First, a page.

In the initial times, when I started learning about data and data science, I am still in chaos regarding what is dataset.
Sometimes, it hard to go through the dataset or researching about dataset. More often, still clarity is missing. I started looking and searching and started applying and applied once in R programming language. I struggled and paused in the midst. But, still I have mind-set and curiosity to learn.
Very few questions, I started asking myself.
How to understand the dataset?
How to clean it?
How to go through large dataset?
How the dataset been formed/created?
How to identify the pitfalls and major mistakes?
I completely misunderstood. A dataset supposed to be only in Microsoft Excel format. I was completely wrong.
A dataset could be images, videos and even more precisely in Excel CSV and XLSX too.
Please correct me, if I am wrong, downloading, cleaning and sometimes manipulating, mining datasets and forming the appropriate algorithms (for example, Machine learning algorithms) with predictive analytics “the output will be derived.
So, here are some of the concept of dataset and let’s have a look and download some of the most common datasets.
What is a dataset?
A dataset, or data set, is simply a collection of data.
The simplest and most common format for datasets you’ll find online is a spreadsheet or CSV format — a single file organized as a table of rows and columns. But some datasets will be stored in other formats, and they don’t have to be just one file. Sometimes a dataset may be a zip file or folder containing multiple data tables with related data.
A data set consists of roughly two components. The two components are rows and columns. Additionally, a key feature of a data set is that it is organized so that each row contains one observation.
How are datasets created?
Different datasets are created in different ways. In this post, you’ll find links to sources with all kinds of datasets. Some of them will be machine-generated data. Some will be data that’s been collected via surveys. Some may be data that’s recorded from human observations. Some may be data that’s been scraped from websites or pulled via APIs.
Whenever you’re working with a dataset, it’s important to consider: how was this dataset created? Where does the data come from? Don’t jump right into the analysis; take the time to first understand the data you are working with.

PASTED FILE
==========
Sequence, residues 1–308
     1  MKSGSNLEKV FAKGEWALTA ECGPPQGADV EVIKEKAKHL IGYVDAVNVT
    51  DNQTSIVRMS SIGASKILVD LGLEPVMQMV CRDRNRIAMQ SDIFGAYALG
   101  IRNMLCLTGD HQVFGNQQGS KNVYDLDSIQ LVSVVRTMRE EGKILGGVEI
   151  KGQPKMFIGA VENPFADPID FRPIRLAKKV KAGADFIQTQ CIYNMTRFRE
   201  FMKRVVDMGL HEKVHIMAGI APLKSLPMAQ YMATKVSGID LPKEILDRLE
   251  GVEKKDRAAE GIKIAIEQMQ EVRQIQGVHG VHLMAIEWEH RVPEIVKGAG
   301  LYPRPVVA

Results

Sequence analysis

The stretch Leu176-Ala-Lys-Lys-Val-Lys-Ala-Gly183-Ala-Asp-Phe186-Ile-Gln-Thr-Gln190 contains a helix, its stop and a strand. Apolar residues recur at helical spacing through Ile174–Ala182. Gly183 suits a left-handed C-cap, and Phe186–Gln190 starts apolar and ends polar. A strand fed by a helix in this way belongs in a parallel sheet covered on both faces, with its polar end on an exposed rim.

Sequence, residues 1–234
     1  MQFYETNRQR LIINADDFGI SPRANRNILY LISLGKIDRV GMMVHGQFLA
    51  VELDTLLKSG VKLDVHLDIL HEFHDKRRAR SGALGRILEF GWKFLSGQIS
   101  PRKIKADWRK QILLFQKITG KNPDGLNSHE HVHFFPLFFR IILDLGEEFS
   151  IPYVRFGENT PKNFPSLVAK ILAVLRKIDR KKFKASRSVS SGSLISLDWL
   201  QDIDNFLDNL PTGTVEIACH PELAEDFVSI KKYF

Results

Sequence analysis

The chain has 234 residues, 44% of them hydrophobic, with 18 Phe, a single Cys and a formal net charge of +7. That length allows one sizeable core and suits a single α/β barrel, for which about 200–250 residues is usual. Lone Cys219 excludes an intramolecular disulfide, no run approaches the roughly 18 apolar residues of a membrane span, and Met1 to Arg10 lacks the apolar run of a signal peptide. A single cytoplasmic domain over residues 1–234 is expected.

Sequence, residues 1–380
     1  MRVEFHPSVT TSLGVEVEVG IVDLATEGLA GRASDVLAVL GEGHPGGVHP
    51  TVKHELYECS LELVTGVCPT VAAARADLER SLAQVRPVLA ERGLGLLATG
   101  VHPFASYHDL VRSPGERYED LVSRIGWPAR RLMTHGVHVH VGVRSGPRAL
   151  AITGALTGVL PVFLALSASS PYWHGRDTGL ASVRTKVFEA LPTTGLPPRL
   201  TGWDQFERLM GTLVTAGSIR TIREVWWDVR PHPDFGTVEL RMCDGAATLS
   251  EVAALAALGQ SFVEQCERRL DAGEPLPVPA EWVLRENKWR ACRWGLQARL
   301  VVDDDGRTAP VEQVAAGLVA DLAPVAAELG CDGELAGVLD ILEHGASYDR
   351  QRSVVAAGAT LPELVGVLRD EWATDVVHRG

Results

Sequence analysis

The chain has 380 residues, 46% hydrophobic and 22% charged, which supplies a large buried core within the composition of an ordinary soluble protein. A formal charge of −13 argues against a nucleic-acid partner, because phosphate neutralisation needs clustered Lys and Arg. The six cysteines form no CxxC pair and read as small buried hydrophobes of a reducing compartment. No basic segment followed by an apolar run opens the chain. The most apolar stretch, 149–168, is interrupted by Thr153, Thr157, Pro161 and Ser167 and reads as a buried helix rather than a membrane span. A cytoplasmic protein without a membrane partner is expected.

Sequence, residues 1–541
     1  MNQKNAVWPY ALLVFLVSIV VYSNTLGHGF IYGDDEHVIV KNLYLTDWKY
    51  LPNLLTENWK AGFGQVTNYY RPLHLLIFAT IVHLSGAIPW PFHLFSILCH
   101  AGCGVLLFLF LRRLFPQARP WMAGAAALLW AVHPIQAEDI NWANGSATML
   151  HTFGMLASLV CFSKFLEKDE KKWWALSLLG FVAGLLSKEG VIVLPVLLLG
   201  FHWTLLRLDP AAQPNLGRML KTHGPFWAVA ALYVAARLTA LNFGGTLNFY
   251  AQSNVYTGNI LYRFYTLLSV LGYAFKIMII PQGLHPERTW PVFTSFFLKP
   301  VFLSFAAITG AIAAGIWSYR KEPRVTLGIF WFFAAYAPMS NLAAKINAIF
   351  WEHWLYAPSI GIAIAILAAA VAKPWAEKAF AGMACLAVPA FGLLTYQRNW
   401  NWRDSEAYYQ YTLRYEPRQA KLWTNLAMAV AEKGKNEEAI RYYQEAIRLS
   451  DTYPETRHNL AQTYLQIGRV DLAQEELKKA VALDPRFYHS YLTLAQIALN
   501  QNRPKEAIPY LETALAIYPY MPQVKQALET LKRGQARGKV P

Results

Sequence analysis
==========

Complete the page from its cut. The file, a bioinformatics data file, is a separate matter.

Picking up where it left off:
Creating a Dataset
It’s easy to create a dataset on Kaggle and doing so is a great way to start a data science portfolio, share reproducible research, or work with collaborators on a project for work or school. You have the option to create private datasets to work solo or with invited collaborators or publish a dataset publicly to Kaggle for anyone to view, download, and analyze.
Types of Datasets
Kaggle supports a variety of dataset publication formats, but we strongly encourage dataset publishers to share their data in an accessible, non-proprietary format if possible. Not only are open, accessible data formats better supported on the platform, they are also easier to work with for more people regardless of their tools.
This page describes the file formats that we recommend using when sharing data on Kaggle Datasets. Plus, learn why and how to make less well-supported file types as accessible as possible to the data science community.
7 public data sets you can analyze for free right now.
1. Google Trends.
2. National Climatic Data Center.
3. Global Health Observatory data.
6. Amazon Web Services Open Data Registry.
7. Pew Internet.
SOURCE: https://www.dataquest.io/blog/free-datasets-for-projects/ https://towardsdatascience.com/what-is-a-data-set-9c6e38d33198 https://www.kaggle.com/docs/datasets https://www.tableau.com/learn/articles/free-public-data-sets.